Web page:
The holidays are filled with parties, food, and drinks galore. If you have a chronic condition like diabetes, obesity, or high blood pressure, you'll need to take extra precaution when enjoying the festivities if you want to stay out of the hospital.

Here are 5 tips for staying healthy over the holidays.

1. Take a walk after meals.

A July 2009 study published in the Journal of the American Medical Directors Association found that taking a walk after an evening meal lowered blood sugar levels. In fact, post-meal walks are more effective at lowering glucose than pre-meal or no exercise at all. Lowering glucose levels is especially important for people with Type 2 diabetes.

So if you don't mind the cold, put on your coat, gloves, scarf, and hat and go for a brisk winter walk. If cold weather is not your idea of fun, head to the mall and walk it off indoors. Make it a fun post-dinner activity and ask others to join.

2. Drink lots of water.

All the cells, organs, and tissue in your body need water to function, according to the US Centers for Disease Control and Prevention (CDC). When you're feeling thirsty, go for the water instead of drinks like soda, holiday punch, and alcohol.

Sugary drinks will raise blood sugar levels and can have several hundred calories in just one serving, according to the American Diabetes Association.

Source: American Diabetes Association

Limit alcohol, since too much alcohol increases your blood pressure, according to the American Heart Association.

The recommended amounts to consume are one to two drinks per day for men and one drink per day for women. But if you already have a chronic condition, you should probably drink even less than that.

3. Get more sleep.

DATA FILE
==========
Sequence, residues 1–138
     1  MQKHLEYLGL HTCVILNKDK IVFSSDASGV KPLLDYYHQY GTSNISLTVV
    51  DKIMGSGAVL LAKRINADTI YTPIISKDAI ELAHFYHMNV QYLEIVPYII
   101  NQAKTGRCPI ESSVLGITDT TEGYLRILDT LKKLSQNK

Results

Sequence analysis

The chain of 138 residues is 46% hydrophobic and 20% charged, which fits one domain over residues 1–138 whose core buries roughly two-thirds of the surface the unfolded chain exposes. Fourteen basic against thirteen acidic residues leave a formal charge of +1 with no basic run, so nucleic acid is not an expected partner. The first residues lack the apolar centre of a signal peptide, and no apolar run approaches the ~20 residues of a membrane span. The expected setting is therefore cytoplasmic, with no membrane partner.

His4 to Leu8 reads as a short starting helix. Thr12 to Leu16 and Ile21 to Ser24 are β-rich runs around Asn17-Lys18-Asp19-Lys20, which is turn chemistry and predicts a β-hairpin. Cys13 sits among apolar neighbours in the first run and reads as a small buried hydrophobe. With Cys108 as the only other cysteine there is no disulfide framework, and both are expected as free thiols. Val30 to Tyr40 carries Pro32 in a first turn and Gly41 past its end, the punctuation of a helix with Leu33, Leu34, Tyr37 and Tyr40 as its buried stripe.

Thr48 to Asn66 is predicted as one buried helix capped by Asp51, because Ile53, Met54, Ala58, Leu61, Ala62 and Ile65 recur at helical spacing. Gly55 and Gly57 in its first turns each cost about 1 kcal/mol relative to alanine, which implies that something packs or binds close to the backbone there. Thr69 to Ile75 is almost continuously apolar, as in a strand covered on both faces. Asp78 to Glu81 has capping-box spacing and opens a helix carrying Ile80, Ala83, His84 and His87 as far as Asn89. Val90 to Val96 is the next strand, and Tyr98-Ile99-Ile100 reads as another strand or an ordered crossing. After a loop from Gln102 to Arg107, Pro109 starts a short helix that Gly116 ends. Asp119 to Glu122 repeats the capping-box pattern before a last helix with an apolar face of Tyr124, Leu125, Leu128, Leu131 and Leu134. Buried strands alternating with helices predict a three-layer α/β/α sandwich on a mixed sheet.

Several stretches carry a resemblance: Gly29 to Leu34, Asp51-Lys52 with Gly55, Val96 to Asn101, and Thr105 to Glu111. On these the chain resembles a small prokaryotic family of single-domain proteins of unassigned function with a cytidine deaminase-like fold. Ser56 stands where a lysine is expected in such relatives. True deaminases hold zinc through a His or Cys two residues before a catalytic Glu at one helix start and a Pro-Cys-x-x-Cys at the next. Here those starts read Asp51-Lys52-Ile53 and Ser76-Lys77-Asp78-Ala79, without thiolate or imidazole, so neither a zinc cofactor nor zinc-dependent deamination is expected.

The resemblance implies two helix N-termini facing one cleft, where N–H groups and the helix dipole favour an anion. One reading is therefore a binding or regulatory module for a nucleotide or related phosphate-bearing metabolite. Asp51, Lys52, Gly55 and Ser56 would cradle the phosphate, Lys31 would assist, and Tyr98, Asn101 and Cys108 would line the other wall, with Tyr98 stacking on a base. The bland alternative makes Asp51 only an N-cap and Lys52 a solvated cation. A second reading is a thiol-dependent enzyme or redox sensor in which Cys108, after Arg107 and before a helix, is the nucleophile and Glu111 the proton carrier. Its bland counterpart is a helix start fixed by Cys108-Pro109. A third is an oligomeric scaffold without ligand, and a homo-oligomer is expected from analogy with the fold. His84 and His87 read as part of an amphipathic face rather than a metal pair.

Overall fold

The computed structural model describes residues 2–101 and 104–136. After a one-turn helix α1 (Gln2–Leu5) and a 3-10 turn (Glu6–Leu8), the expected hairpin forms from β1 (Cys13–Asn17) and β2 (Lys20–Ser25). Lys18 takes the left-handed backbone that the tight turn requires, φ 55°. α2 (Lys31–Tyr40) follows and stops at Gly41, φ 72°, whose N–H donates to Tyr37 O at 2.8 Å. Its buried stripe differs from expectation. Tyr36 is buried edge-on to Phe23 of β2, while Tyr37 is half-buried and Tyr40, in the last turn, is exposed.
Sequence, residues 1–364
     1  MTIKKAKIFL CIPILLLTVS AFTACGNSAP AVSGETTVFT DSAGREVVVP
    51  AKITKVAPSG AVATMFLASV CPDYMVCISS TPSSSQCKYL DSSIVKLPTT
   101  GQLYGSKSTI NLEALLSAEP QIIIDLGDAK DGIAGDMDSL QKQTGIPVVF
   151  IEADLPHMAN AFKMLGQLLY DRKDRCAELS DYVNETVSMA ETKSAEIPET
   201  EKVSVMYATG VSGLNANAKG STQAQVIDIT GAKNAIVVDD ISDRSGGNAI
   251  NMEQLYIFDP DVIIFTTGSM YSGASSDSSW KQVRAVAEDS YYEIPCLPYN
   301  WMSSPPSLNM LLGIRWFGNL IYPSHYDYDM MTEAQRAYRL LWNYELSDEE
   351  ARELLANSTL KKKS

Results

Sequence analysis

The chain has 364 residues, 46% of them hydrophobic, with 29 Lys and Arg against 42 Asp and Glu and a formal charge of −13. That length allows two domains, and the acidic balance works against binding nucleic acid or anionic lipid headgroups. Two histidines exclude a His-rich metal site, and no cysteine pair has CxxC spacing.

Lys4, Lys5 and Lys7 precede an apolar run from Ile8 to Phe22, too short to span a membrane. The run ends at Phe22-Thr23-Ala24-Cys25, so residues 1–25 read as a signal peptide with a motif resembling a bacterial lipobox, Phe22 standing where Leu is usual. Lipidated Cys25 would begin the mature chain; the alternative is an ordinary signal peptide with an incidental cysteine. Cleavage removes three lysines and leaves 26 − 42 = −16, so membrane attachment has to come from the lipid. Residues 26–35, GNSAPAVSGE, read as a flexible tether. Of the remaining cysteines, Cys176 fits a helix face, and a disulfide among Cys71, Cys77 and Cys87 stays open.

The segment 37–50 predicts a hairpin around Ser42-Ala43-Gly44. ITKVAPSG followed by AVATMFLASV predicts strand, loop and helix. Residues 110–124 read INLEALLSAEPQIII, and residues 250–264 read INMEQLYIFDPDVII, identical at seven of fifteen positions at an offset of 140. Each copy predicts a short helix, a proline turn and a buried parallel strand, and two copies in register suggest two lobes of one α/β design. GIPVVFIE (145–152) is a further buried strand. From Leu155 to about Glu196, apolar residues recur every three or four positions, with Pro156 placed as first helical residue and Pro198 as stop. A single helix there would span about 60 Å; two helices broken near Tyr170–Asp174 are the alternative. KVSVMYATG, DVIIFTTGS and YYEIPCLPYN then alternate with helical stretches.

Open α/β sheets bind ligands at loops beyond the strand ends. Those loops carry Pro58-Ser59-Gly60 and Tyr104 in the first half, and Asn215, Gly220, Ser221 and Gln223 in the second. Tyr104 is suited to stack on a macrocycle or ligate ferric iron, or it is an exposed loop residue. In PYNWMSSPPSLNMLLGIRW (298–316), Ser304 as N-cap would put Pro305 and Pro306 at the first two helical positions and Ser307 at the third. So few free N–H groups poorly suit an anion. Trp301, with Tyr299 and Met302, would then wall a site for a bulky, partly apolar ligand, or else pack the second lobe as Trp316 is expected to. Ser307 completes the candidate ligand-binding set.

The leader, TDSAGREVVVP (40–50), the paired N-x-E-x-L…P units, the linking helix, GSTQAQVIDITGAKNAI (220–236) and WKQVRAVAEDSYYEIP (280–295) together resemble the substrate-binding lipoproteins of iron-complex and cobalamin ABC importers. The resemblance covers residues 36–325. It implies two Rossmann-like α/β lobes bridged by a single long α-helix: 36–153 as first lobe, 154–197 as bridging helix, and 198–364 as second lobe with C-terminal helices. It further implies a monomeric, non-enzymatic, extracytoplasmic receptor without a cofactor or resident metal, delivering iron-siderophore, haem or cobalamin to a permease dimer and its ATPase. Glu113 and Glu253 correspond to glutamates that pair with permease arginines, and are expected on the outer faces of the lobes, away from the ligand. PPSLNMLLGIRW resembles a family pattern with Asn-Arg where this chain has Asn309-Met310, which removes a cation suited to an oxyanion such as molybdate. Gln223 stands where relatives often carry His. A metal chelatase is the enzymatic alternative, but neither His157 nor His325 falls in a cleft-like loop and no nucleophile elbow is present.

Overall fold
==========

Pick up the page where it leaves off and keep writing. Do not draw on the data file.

People who are sleep deprived eat 500 more calories a day, according to a study presented at the American Heart Association's Epidemiology and Prevention/Nutrition, Physical Activity and Metabolism 2012 Scientific Sessions.

Chronic sleep deprivation could even lead to obesity.

For these reasons and more, the CDC considers lack of sleep a national health epidemic. Other health issues related to insufficient sleep include:

  • weight gain
  • increased stress
  • higher risk of disease
  • impaired judgment

If you have a chronic condition, you can't afford to increase your risk of other illnesses. The National Sleep Foundation (NSF) recommends that adults get anywhere from 7 to 9 hours of sleep each night.

Schedule quality sleep time amidst the busy holiday season. Your health is worth it.

4. Control your portion size at meals.

The holidays are a time when special foods are prepared. And eating is a big social activity that should be enjoyed by all—just in moderation.

The Calorie Council estimates that the average holiday meal packs about 3,000 calories. That one meal is well over the US Department of Agriculture's recommended amount of 1,800-2,400 calories for adults for the entire day!

Some tips for healthy holiday eating:

  • Use a smaller plate to control portion sizes.
  • Before loading your dish, look at all the options. Save room for dishes you love and leave the dishes that aren't worth the calories.
  • Balance out heavy meals with lighter meals the following days.
  • Limit consumption of high sodium dishes like stuffing, mashed potatoes, and mac n cheese, if you have high blood pressure.

5. Be smart when taking leftovers.

While it may be tempting to pack up leftovers of all your favorite holiday dishes, some are very high in fat, empty calories, and sodium.

Leftovers to...

Take With You Leave Behind
Turkey Breast Stuffing
Brussel Sprouts & Collard Greens Mashed Potatoes
Kale Pecan Pie
Baked Sweet Potato (no added sweeteners) Mac n Cheese
Baked Ham (in moderation) Canned Cranberry Sauce

Source: US Department of Agriculture

Being selective about which leftovers to take will increase your chances of eating healthy when you get home and keep you on track with your New Year's resolutions.

An EIRMC physician can help you manage your chronic health condition during the holidays and throughout the year.